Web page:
Does stating it this way make it clearer what the argument is about?

Comment author: Vladimir_Nesov 02 April 2009 05:11:24PM *  1 point [-]

It's a combination of Sleeping Beauty and Counterfactual Mugging, with the decision depending on the resolution of both problems. It doesn't look like the problems interact, but if you are a 1/3-er, you don't give away the money, and if you don't care about the counterfactual, you don't give it away either. You factored out the Sleeping Beauty in your example, and equivalently the Counterfactual Mugging can be factored out by asking the question before the coin toss.

Comment author: PhilGoetz 18 September 2015 08:50:12PM *  1 point [-]

I think it's not quite the Sleeping Beauty problem. That's about the semantics of belief; this is about the semantics of what a "decision" is.

Making a decision to give or not to give means making the decision for both days, and you're aware of that in the scenario. Since the problem requires that Omega can simulate you and predict your answer, you can't be a being that can say yes on one day and no on another day. It would be the same problem if there were no amnesia and he asked you to give him 200 pounds once.

In other words, you don't get to make 2 independent decisions on the two days, so it is incorrect to say you are making decisions on those days. The scenario is incoherent.

Comment author: Lumifer 01 September 2015 05:16:36PM 2 points [-]

It's not a memory error, it's a hasty pattern-match error.

Comment author: PhilGoetz 06 September 2015 03:11:30PM 0 points [-]

I think it's a strong-prior error. There are many different spellings, one or two letters apart, and I pick the one I've seen most often.

Comment author: NancyLebovitz 31 August 2015 05:50:44PM 4 points [-]

Thanks for mentioning that I'd already brought up the paper. I've got three quotes here.

My last name is Lebovitz.

I think of the way people tend to get it wrong as a rationality warning. I know about those errors because I have an interest in my name, but the commonness of the errors suggests that people get a tremendous amount wrong. How much of it matters? How could we even start to find out?

Comment author: PhilGoetz 01 September 2015 04:18:17AM *  1 point [-]

Sorry for misspelling your name. I don't think memory errors are rationality errors.

Comment author: Valentine 31 August 2015 10:55:49PM 1 point [-]

I really like this post.


Can the (physical or mental) posture that's appropriate for avoiding mistakes be opposed to the posture appropriate for focusing power on one point?

Sorry, I'm not sure what you mean.

I don't do a lot of brick-breaking with my fists, so I might not know much about doing that well. But my impression is that the principles that transfer force well through the body in aikido will also transfer force well when trying to deliver a sharp blow to exactly one spot on a brick. In aikido at least, there's no opposition between posture that helps make you do the right thing and posture that helps you avoid doing the wrong thing.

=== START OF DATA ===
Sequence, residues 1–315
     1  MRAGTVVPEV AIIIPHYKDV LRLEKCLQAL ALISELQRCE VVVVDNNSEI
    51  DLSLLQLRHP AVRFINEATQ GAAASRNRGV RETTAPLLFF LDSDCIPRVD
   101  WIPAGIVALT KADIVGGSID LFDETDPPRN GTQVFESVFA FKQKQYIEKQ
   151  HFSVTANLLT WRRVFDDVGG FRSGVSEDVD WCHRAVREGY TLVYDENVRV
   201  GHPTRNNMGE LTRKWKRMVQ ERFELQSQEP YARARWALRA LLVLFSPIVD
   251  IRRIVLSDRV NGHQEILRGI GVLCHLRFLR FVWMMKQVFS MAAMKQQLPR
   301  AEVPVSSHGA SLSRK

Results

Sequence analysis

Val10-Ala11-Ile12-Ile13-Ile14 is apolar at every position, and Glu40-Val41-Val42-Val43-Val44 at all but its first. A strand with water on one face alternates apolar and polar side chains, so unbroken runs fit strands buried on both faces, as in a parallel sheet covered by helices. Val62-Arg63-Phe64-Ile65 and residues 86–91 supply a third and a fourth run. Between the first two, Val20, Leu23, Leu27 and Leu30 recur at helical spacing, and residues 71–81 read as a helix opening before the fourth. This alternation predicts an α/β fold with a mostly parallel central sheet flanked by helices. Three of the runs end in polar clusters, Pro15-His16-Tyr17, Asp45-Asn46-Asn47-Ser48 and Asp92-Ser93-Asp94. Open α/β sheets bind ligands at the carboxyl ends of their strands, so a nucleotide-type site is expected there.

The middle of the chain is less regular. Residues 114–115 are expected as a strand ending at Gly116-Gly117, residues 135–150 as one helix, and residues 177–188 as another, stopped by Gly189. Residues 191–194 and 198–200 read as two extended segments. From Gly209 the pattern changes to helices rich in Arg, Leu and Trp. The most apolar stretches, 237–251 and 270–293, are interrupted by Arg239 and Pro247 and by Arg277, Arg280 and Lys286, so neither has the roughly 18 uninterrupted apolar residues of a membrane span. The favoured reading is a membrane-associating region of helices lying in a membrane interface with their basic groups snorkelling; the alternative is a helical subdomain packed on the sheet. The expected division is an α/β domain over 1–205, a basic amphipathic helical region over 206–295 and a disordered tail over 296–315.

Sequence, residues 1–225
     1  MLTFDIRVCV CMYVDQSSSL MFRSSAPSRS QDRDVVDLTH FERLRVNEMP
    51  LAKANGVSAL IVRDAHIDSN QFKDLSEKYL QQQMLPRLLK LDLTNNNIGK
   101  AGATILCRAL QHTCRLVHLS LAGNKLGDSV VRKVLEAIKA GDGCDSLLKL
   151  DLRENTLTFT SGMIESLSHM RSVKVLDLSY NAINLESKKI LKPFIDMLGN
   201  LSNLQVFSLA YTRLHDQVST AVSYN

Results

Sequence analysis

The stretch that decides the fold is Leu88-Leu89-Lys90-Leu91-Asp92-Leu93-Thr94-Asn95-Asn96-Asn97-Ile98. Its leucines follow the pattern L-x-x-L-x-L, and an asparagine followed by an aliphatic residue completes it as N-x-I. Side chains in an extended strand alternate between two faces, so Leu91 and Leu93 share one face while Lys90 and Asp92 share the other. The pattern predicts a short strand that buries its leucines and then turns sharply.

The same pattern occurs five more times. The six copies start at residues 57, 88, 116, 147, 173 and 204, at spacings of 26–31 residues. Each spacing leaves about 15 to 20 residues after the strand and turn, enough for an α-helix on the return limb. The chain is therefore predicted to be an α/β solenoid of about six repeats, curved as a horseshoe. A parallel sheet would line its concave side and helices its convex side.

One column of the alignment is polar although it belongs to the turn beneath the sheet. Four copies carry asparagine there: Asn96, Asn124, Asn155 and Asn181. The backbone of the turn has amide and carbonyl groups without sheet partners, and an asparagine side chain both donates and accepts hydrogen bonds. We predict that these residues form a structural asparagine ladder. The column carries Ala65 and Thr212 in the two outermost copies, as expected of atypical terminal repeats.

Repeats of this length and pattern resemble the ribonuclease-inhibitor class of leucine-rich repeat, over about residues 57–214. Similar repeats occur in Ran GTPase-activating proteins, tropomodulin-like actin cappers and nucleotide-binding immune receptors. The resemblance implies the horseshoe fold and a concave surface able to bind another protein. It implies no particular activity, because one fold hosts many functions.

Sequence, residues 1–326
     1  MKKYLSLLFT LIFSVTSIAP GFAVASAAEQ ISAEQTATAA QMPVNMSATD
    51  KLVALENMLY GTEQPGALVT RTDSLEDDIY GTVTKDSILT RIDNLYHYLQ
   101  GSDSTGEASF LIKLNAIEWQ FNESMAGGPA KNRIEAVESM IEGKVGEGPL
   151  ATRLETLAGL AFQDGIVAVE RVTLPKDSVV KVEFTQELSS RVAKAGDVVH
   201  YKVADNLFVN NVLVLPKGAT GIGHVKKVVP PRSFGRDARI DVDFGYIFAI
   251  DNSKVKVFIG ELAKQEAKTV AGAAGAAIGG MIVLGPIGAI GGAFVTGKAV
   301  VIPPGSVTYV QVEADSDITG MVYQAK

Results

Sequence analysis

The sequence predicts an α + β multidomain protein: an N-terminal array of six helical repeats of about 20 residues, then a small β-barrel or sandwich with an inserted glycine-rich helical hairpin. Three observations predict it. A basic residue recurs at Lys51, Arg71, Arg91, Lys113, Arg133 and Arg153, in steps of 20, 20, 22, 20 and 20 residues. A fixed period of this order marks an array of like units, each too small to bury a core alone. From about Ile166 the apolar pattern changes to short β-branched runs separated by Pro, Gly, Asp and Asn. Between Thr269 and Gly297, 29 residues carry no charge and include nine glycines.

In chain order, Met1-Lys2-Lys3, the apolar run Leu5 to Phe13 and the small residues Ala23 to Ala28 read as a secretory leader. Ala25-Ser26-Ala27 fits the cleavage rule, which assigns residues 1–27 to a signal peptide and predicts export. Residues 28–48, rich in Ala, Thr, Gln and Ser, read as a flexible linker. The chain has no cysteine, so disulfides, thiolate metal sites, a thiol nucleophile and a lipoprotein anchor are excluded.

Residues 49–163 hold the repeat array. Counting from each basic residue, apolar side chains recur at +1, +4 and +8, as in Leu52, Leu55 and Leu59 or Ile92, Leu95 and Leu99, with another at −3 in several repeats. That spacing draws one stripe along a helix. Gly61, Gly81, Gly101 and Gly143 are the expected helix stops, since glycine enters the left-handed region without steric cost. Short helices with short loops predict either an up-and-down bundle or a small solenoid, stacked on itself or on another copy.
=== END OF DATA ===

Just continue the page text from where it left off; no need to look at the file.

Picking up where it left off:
…but of course, it's possible to compromise posture and still deliver a lot of power to one point, just like it's possible to avoid falling over when throwing someone while you have a weak spine posture.

I think the analog in the mind is something like focus or concentration. I think it's certainly possible to concentrate really hard in a way that violates good mental posture in other situations, but I intuitively wouldn't anticipate very good results from that compared to the counterfactual where the focus is done while maintaining good mental posture.

But I really don't know.

And I might have totally misunderstood what you were gesturing at. Please feel free to clarify if needed!

Are there multiple styles of posture or thought that are equally effective local maxima, while hybrids of them are less effective?

I don't know. I don't know of any for the body, I don't think. Some people claim that you should never round your lower back outward, but as far as I can tell the real rule is to brace your spine so that it can transfer force well, which is much harder to do when it's rounded but not impossible. There are some situations where using the rule of thumb of "curve in your lower back" just isn't possible, so you have to go back to the reason why the rule is there. At that point you start getting things that look like violations of "good posture" but are actually quite good uses of body mechanics. (In this case you brace your spine with your abs while "lengthening" it.)

I'm less sure about mental posture. But that's because I don't have a very good reductionistic model of what "mental posture" is yet.

Comment author: PhilGoetz 01 September 2015 04:16:28AM 0 points [-]

For my second question, I was thinking for example of different fighting styles, and whether it's just that some are more effective in certain circumstances, or that each style is a local maximum.

View more: Next